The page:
Picture yourself trying to get to sleep on a hard concrete pavement, whilst biting wind and rain swirls around you and the risk of abuse, arrest and even violence is ever present. Imagine thinking that this could go on for ever, that you have no-one and nothing left, and that only the instinctive fear of death is preventing you from taking that final step. So you do what half the country does before going to bed. You have a fucking drink.
This is how a life on the streets begins and as weeks turn into months routines and habits, bad and good, develop. You might learn where you can get free food, make allegiances, and hopefully genuine friends. Perhaps you spend a few nights, or even months in a nightshelter or hostel. Perhaps you get kicked out for breaking one of the endless petty rules like not being back in time for curfew or having a sneaky can of lager. Or you get beaten up, or piss off someone who might beat you up if you don’t disappear. Homelessness hostels are strange places, often full of tolerance and even love, but they are not safe spaces. All it takes is a vindictive charity worker or a violent argument and you can be back on the streets in a heartbeat.
Homelessness strikes when lives fracture, whether due to relationship break up, debt, eviction or domestic abuse. It often happens to those who have lived through harrowing circumstances – ex-squaddies scarred by war, refugees who have seen loved ones slaughtered, kids who grew up in care or were abused in the family home. At the heart of the problem however is money, and a society that values that above all else. Landlords refusing to accept tenants on benefits, eye-watering deposits to secure even basic accommodation, the chronic lack of social housing and ever more vicious benefit cuts – these are the reasons that street homelessness has risen to record levels over the last five years.
Homelessness endures because the scant social structures in place to prevent it focus on the symptoms – the perceived individual failings of homeless people – not the causes. Just like Iain Duncan Smith blames unemployed people for a lack of jobs, politicians and the charity bosses who suck up to them for funding blame homeless people themselves for their plight. To do otherwise would be to acknowledge their own role in creating the homelessness crisis. That is why in many major cities charities which claim to help homeless people are running anti-begging campaigns to smear them all as drug users or drunks and warning if you give them money you will kill them.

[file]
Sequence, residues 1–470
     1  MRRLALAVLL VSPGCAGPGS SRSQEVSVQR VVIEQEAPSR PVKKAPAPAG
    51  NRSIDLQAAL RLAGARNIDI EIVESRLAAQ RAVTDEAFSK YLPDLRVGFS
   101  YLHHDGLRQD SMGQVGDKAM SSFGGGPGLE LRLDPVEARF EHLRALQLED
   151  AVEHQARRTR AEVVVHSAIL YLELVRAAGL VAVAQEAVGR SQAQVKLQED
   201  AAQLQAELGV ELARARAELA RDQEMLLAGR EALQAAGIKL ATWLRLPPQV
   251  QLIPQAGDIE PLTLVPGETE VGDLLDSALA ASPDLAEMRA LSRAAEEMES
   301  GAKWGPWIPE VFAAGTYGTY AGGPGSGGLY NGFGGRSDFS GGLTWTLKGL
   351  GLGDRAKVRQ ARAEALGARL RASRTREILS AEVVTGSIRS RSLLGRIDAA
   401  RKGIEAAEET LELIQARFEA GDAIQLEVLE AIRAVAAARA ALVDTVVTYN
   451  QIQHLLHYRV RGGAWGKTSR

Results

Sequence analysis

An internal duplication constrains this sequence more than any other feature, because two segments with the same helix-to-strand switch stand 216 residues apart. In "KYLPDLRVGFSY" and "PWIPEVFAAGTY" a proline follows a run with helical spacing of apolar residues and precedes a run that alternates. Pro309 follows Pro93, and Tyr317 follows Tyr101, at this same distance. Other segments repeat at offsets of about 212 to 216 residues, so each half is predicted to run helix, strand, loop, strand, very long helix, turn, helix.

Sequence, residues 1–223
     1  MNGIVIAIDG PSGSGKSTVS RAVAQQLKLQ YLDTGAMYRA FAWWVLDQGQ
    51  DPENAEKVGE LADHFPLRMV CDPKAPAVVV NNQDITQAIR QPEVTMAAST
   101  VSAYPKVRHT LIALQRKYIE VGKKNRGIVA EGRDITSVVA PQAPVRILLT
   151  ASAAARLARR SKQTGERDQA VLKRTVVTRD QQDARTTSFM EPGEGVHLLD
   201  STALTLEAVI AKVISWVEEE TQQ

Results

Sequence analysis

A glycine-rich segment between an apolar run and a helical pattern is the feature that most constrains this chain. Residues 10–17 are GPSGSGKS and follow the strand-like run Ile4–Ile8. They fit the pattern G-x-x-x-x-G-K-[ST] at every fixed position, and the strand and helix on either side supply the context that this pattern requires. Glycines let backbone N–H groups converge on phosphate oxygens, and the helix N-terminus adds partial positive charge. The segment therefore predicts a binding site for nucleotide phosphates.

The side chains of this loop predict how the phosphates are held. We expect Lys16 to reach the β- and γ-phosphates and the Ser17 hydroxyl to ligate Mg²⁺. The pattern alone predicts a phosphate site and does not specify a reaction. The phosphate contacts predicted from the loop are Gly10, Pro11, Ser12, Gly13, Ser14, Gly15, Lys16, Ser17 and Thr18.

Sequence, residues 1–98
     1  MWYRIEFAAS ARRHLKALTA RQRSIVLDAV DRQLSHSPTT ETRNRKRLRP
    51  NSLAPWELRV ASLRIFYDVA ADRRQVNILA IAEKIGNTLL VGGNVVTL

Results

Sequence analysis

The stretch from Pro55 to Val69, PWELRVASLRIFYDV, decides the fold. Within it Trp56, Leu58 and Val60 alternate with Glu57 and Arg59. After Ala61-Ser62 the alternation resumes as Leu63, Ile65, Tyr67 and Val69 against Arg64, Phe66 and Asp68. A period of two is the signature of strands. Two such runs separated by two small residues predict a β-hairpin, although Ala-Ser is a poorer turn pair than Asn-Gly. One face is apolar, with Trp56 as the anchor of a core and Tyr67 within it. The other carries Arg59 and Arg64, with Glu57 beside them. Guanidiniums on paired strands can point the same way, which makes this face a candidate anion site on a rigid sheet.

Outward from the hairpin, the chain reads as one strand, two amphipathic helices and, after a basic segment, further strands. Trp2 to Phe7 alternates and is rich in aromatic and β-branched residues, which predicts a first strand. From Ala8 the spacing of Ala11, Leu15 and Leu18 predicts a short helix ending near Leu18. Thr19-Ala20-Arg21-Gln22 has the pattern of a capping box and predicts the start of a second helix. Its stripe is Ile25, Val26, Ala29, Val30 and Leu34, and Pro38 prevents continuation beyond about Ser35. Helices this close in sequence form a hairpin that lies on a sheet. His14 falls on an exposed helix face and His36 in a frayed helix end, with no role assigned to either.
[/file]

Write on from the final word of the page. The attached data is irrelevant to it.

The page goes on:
Ask anyone begging what they want, right there and then, and if they are foolish enough to be honest they will say money. That does’t mean they wouldn’t appreciate a sandwich, a cup of tea or a warm coat as well. But what they need is cash. They may want that money for drugs or booze, or they may want it to choose something to eat or wear themselves. They may be in debt, to someone you really don’t want to be in debt to. The propaganda on display in anti-begging campaigns insists that street homeless people do nothing but scrounge and shovel drugs down their necks, never stopping to eat, pay hostel service charges, buy a clean pair of socks or get a bus across town. Yet even the most chaotic substance users still need money for other things as well. Because they are real people, not grotesque cartoons.
The stark truth is that even someone who does beg to maintain an addiction will not be helped by no-one giving them any money. They will simply beg for longer to get what they need, whether that’s a bag of smack or three litres of White Lightening. If the begging is good, and the sun’s out, then once they have that they might beg for something for dinner as well. Or to be able to have their drink of choice rather than rough cheap cider. Or to buy their kid they hardly see a birthday present.